Virtual Servers for Physical Devices is a webcam site — but it is also much more. provides software services for physical devices connected to the Internet like cameras. (see my DCS-920 article) makes it easy for users to create virtual “camera servers” that run in the cloud.  A camera server is a collection of software that continuously monitors and processes camera images.  These services are hosted in the cloud and accessed over the web, providing “web services” for a user’s camera device.

The services that a camera server provides include the following:

  • connection points for uploading images through FTP or HTTP,
  • a Web server for browsing recorded images,
  • image processing (motion detection, motion regions, enhancement),
  • real-time live streaming and viewing,
  • event notification of camera status change through email and SMS,
  • long-term archival and storage,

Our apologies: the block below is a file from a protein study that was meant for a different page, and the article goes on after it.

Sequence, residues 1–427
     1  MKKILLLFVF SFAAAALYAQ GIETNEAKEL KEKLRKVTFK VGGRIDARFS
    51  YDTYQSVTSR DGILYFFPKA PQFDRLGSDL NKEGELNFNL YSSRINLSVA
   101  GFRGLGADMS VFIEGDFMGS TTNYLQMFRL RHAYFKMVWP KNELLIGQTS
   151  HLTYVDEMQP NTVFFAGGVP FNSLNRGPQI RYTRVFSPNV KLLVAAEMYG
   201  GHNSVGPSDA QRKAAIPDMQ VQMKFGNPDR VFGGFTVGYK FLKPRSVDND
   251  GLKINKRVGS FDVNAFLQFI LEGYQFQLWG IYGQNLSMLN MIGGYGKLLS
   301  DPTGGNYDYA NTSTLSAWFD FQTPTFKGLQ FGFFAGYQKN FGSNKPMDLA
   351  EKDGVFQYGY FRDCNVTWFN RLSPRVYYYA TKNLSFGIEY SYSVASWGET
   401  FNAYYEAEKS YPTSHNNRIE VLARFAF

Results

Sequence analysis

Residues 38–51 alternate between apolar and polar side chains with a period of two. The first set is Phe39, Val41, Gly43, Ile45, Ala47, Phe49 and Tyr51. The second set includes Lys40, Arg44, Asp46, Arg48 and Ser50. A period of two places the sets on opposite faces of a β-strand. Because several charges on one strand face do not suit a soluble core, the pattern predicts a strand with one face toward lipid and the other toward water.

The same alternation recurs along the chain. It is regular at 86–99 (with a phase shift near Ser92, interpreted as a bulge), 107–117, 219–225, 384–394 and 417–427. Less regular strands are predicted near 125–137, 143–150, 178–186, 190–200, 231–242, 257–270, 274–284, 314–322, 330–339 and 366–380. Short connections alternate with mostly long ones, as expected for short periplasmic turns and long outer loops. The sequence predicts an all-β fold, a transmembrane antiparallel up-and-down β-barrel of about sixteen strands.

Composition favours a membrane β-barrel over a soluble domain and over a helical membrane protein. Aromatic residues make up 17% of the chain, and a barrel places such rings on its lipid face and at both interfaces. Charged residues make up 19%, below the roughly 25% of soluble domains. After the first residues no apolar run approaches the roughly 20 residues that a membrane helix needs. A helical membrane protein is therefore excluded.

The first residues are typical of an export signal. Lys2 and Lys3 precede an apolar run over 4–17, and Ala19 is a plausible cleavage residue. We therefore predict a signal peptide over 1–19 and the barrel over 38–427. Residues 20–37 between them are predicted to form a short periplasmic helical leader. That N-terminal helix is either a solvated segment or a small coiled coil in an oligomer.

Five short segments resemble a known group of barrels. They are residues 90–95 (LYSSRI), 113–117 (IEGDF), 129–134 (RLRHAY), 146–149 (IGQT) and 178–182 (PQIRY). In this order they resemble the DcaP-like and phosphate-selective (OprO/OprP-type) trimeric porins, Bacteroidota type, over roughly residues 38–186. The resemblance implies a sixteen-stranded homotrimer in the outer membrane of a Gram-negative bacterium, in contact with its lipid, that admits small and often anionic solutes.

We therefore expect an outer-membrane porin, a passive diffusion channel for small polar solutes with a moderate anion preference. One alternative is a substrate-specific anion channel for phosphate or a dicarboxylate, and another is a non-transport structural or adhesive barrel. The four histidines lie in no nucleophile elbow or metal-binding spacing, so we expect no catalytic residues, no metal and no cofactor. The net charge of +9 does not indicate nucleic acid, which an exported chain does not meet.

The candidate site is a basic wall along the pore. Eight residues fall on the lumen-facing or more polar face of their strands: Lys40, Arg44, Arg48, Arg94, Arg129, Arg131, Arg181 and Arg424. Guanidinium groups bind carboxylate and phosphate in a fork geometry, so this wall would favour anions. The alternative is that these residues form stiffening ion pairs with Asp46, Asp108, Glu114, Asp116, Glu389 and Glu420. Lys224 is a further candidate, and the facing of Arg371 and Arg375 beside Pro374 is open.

• portals for sharing through Facebook,
  • a programming API for developing your own applications.

One of the things that does really well is make it easy to Add and  Delete camera servers.  Behind these two operations are the set-up and tear-down of the virtual services allocated for a particular physical device.

Setting up a new camera is simple enough that using a temporary camera server to track some short-lived occasion is not that hard.  And since can use the camera built-in to most laptops, it’s pretty easy to add a new camera server for your laptop camera for a short-term suveillance operation like:

  • watching your hotel room while you’re out, or
  • looking for that pesky rodent in the backyard at night.

I allocated one to track the sunlight on a sick azalea bush for a day and discovered that it got no direct sun over the period of 24 hours.

Give a try.  You’ll find your own things to do with it once you have a disposable virtual camera server at hand.

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